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Tailgaters Rejoice! This Cooler Keeps Beers Cold Without Ice

The Case Coolie weighs 1.5 pounds and promises to keep beverages cold for 10 hours.
Courtesy of Case Coolie
The Case Coolie weighs 1.5 pounds and promises to keep beverages cold for 10 hours.

In our "Weekly Innovation" blog series, we explore an interesting idea, design or product that you may not have heard of yet. Do you have an innovation to share? Use this quick form. That's how we found this week's pick!

Just in time for the return of the football season is a collapsible cooler that will keep your beers cold without ice. It's called the . Like so many great ideas, the founder came up with it over beers with friends.

"We were complaining about how we bought cases of beer to go tailgating, and we were too lazy to get a cooler and a case of ice," said Case Coolie co-founder Nick Niehaus. "We'd have to drink fast or drink warm beer, which wasn't the most pleasurable experience."

Wouldn't it be great, the friends thought, if there were an alternative to a bulky cooler? After a couple of years of prototyping and finding the right business partners, the Case Coolie was created. It's a lightweight, insulated sleeve that fits snugly over a case of beer. The insulation combines an outer layer of neoprene (wet suit material) with an inner layer made of an aluminum PET composite to keep a case of beer "refreshingly cold" for at least 10 hours. The coolie weighs only 1.5 pounds and sells for $29.99.

"From what I've seen in the marketplace, there's a hang-up on this idea that you need ice to keep drinks cold," Niehaus said. "It doesn't make sense to always need ice. It's a waste of electricity to freeze the ice and a waste of water. If you are going to drink the beer within 10 hours of purchasing the drinks, you don't need the ice to keep drinks cold. Then when you're done, you have something you can throw in your backpack, or use it as your seat at the game."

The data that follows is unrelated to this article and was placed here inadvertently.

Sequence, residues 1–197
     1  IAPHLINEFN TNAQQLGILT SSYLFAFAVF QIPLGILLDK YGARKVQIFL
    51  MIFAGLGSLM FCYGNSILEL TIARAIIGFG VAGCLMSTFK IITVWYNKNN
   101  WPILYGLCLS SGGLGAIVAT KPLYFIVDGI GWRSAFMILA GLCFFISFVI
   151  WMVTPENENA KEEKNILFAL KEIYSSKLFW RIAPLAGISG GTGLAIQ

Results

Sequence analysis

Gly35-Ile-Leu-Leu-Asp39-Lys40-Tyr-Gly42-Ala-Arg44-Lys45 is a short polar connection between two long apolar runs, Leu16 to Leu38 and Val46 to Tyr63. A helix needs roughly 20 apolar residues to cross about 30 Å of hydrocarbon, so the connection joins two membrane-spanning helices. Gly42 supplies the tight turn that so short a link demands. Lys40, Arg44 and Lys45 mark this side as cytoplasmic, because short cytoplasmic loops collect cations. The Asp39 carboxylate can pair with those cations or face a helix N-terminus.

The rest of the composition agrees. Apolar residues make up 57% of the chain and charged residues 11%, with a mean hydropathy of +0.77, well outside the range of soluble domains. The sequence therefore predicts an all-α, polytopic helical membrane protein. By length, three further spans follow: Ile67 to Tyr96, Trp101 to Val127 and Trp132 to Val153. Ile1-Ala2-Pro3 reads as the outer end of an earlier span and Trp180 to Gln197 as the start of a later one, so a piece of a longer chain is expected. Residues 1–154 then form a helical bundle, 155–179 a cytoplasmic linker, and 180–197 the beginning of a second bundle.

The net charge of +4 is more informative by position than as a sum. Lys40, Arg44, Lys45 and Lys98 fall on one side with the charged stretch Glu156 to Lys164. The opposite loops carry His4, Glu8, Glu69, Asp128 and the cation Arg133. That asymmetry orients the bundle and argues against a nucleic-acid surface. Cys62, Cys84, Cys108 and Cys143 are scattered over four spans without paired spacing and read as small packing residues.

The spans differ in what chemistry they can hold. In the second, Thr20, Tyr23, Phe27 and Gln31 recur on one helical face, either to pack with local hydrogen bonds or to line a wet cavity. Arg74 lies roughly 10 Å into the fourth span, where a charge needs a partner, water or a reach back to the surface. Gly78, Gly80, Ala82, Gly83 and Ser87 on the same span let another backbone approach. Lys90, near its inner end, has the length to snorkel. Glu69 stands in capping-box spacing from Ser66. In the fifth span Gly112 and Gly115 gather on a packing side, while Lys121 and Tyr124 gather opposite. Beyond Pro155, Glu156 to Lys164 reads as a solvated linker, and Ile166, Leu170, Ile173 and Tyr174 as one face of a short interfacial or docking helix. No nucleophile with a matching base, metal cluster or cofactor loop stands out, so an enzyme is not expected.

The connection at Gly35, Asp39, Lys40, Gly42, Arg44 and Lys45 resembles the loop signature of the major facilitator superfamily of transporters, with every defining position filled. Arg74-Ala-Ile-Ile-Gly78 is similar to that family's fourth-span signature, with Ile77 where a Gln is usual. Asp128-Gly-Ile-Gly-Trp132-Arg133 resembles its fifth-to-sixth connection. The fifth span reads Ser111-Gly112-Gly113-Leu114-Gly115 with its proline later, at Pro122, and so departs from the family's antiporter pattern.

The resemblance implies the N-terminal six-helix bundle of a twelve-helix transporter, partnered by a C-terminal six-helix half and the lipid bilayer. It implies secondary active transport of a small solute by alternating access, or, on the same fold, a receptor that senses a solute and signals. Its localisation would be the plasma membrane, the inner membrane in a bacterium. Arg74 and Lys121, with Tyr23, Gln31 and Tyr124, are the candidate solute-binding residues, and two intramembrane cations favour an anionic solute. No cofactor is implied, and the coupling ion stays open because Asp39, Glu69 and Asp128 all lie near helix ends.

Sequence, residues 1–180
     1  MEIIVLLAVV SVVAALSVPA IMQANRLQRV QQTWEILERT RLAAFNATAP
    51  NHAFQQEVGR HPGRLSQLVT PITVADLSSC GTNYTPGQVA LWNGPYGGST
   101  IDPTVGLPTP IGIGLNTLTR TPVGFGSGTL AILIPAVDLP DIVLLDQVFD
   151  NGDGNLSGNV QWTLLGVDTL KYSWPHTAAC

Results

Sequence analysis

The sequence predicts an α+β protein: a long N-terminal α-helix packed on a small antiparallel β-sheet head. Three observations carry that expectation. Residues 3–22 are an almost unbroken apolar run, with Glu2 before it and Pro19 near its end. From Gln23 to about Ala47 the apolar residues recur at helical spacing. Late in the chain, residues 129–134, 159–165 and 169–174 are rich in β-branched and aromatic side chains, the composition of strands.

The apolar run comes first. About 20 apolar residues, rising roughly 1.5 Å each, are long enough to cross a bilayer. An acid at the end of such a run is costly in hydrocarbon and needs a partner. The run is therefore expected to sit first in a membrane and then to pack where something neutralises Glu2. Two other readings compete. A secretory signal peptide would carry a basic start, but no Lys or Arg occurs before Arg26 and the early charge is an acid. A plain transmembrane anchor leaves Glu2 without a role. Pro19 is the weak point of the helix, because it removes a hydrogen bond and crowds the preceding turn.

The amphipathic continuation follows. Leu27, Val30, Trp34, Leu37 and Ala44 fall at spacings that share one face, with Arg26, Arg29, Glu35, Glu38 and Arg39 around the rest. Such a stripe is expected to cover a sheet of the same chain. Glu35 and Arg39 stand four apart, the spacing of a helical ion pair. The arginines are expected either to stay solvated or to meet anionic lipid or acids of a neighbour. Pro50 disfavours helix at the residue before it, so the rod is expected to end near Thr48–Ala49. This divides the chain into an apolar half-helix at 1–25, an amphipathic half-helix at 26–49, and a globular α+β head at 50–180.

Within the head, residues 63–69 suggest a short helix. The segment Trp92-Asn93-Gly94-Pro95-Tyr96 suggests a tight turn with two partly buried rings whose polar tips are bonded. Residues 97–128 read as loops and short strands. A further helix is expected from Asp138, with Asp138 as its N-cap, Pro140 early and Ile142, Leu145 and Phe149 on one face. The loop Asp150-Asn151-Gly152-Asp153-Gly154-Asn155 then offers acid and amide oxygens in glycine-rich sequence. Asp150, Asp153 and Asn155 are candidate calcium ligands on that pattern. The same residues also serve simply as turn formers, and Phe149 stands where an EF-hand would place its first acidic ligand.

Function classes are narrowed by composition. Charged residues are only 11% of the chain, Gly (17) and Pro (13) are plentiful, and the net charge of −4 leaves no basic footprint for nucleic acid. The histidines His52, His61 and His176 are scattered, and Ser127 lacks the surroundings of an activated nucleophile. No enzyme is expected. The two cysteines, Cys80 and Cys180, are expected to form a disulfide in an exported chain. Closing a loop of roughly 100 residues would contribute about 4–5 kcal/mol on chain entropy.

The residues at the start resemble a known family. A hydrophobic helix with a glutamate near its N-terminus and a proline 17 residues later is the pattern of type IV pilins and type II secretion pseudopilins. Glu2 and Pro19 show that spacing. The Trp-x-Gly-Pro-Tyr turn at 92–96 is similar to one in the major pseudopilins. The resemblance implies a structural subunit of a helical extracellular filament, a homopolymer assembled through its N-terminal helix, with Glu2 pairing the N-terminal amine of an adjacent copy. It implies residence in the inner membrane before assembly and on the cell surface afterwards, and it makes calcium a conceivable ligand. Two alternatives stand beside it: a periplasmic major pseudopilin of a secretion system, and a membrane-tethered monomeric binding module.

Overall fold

The company's co-founders — Niehaus, Adnan Hussain and Ben Albers — got an initial 1,000 Case Coolies manufactured last year and they're currently available on the company's website. But they've yet to break even on their initial investments, so they're running the company on the side until they can get more stores to carry the product.

"We've proven the concept works, we've proven we can sell it to stores. Now we need people to go into stores and buy it and get re-orders. We want to start growing a lot quicker," Niehaus said.

In the meantime, the Case Coolie shows up at every party Niehaus gets invited to.

"When I go to a party I bring my Case Coolie," he says. "Even if you're gonna be inside, a lot of times you run out of refrigerator space."

Copyright 2020 NPR. To see more, visit https://www.npr.org.

Elise Hu is a host-at-large based at NPR West in Culver City, Calif. Previously, she explored the future with her video series, Future You with Elise Hu, and served as the founding bureau chief and International Correspondent for NPR's Seoul office. She was based in Seoul for nearly four years, responsible for the network's coverage of both Koreas and Japan, and filed from a dozen countries across Asia.
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